Tuesday, December 29, 2009
Mill Basin Sightseeing
Back to that paddle TQ & I took last week! It was a small-craft advisory day, and I am currently one piece short of my usual winter ensemble (BRAND NEW replacement drysuit is now en route from Arcata, yay, more on that before too long but those who know Kokatat know what I'm talking about :D) so in light of the somewhat less weather-resistant outfit I'd pulled together & the high winds & chilly air, we chose to stick near the shore & go check out Mill Basin - it's a nice sheltered area like the Paerdegat, and had the added bonus of being somewhere TQ hadn't been before.
I thought I was reasonably familiar with Mill Basin. Big flashy houses (see above photo - check out the personal drydock!), motorboats & jetskis, a couple of marinas (home of the good boat Puffin, although we didn't go Puffin-hunting this time because I was pretty sure Brian or Karen had told me she was hauled out for the winter already), Nick's Lobster Dock (sadly dockless these days!), and up at one far end, the King's Plaza Shopping Mall. Interesting to see, but I thought I'd seen it all.
But Mill Basin is shaped sort of like one of those onolicious lobster claws you might enjoy at Nick's. The lower "pincer" is called East Mill Basin, and it turns out that I'd never been all the way down to the end. With TQ, I covered that last bit - and it was fun, because it turns out that at the very end of East Mill Basin is a surprising bit of waterfront industry.
Paddle on past the marina (Bergen Beach Yacht Club perhaps? It sounded like a marimba orchestra tuning up on this windy windy day!) -
and the crane storage -
And there at the end, you'll find Muller Boat Works.
Muller was established in 1938, and was a pretty busy place here at the end of 2009!
Lots of party boats in for winter refits. This one was probably the saddest-looking of the lot. Definitely not MY fantasy!
Paddle Wheel Queen -
The Queen's bottom is not one of those shapely ones that my friend the Tugster enjoys admiring - and in fact I couldn't help noticing there wasn't a paddlewheel under that housing! Maybe that was being worked on in a shed somewhere...
I'd taken her picture earlier this year during the Mayor's Cup, at her home marina at 23rd Street & the East River.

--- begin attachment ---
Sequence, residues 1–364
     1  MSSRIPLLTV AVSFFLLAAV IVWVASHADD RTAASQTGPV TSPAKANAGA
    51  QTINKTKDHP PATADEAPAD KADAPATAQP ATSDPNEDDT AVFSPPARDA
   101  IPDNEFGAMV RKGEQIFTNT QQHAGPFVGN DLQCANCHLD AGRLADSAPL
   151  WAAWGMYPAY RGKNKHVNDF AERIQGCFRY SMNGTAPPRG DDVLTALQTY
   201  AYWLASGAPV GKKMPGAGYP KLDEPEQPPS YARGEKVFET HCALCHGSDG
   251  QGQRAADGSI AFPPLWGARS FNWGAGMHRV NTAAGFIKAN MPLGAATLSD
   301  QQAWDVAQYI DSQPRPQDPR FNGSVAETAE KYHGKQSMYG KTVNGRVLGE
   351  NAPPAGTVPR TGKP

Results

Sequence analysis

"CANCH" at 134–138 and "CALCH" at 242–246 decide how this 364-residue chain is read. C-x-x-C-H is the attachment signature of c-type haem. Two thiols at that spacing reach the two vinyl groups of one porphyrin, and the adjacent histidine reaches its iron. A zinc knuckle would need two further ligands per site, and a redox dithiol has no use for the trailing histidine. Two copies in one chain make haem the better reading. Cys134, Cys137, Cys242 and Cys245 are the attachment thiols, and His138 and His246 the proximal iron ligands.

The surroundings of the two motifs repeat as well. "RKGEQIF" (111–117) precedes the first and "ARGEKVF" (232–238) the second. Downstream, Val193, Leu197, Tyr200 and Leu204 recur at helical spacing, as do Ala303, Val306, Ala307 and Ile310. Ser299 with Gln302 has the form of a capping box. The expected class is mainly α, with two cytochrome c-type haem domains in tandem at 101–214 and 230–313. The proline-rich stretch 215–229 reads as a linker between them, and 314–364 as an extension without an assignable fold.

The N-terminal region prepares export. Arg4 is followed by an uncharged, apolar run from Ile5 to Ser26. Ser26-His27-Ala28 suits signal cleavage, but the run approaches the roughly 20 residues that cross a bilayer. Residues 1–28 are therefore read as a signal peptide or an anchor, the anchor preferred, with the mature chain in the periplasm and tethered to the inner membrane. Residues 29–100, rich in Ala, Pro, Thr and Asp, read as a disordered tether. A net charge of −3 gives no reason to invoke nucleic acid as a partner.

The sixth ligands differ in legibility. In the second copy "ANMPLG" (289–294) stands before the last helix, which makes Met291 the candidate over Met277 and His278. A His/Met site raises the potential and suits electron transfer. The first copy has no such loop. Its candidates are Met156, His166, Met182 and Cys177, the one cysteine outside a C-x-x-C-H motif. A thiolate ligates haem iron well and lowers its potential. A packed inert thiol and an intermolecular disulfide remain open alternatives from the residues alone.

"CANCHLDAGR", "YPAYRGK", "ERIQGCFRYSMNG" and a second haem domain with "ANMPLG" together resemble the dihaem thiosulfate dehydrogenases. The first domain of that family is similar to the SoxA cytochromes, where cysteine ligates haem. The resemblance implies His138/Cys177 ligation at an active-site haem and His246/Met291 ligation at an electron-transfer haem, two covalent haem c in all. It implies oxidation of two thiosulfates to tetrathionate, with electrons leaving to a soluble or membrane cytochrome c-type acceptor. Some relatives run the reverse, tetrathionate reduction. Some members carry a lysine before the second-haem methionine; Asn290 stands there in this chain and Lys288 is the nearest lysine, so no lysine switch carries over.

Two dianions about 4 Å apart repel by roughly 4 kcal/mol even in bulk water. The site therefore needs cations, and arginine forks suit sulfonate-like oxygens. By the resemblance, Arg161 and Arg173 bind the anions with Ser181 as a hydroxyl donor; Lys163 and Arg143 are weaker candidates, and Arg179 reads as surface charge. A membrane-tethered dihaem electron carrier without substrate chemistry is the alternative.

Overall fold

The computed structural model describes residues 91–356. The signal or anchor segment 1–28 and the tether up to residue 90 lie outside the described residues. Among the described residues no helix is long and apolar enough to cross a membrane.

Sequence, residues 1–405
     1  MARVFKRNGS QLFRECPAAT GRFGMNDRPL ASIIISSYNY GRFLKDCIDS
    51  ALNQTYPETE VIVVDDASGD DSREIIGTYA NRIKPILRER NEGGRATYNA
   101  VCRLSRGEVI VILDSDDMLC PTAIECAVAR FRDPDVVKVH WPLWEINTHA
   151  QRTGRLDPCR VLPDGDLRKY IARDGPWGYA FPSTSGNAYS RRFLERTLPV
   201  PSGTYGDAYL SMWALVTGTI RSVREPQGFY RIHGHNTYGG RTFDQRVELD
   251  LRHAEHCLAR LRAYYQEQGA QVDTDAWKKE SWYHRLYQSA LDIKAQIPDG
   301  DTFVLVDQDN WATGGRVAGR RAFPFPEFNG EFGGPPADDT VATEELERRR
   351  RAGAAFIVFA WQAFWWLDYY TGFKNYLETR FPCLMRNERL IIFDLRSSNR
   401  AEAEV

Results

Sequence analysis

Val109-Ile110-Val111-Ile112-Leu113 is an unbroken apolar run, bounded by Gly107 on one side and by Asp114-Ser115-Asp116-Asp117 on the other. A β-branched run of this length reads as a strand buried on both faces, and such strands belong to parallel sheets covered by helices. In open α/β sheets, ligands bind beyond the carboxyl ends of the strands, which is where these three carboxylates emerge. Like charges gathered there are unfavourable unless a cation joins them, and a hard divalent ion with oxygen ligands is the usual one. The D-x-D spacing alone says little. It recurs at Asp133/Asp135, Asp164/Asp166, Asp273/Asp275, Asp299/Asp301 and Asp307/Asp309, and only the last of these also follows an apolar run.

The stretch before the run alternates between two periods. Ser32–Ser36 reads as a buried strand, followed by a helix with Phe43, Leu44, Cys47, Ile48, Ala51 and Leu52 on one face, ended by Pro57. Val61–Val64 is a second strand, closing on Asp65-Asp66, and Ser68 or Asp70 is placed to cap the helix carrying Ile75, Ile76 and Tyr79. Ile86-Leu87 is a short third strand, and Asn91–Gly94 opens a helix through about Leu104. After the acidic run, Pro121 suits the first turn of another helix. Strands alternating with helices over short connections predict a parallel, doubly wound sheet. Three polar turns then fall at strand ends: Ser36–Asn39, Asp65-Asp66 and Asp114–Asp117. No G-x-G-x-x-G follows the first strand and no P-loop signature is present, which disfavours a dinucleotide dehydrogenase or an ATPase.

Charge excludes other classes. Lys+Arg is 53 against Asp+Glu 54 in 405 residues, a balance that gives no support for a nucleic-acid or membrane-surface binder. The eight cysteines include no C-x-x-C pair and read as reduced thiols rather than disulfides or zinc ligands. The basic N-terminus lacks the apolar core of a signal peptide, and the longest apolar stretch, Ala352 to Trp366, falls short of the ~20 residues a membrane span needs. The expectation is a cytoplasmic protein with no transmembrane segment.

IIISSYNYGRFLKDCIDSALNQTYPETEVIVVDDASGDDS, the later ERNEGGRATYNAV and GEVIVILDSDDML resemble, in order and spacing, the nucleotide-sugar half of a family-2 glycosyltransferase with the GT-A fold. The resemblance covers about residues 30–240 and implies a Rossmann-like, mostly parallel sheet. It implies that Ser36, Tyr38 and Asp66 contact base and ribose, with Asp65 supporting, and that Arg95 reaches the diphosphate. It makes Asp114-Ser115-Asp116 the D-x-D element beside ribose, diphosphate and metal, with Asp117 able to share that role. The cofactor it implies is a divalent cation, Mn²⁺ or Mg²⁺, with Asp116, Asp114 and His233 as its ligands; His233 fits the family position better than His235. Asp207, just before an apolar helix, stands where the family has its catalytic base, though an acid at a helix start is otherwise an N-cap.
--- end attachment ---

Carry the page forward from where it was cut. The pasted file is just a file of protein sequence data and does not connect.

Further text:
Sea Queen VII was heading out of the basin at the same time as we left - she's one of the Sheepshead Bay charter fishing fleet, and I bet they all go to Muller when they need work.
Most interesting boat there was this one - she's being given a good power wash here & you might not be able to see her name through the spray, but that's the Growler, the small tugboat that's part of the training fleet at the U.S. Merchant Marine Academy at King's Point.
And here she is lining up for the line toss at the 2006 New York Harbor Tugboat Competition (the only one I've managed to make in all my years in NYC, argh!)
And here's a nice little sampling of what they do with her.
Lots of other interesting boats in various stages of repair, but TQ had been very patient, and we knew we had a bit of a slog back - but I did have to take a couple more pictures as we headed out, because there's also this fascinating little bit of an actual fishing fleet in there too. Not charter boats, either, but small commercial fishing boats -
Plus a couple of...can these be lobster boats? I never imagined we'd have actual lobster-catching lobster boats here in NYC, but those look like lobster traps on the dock. What caught our attention, though, was the names of the boats & their relative appearances. My Way & My Way 2? There has to be a good local story there.
And then there was this great little tug, the Emily -
And finally, one last gratuitous shot of a beautiful evening out on Jamaica Bay.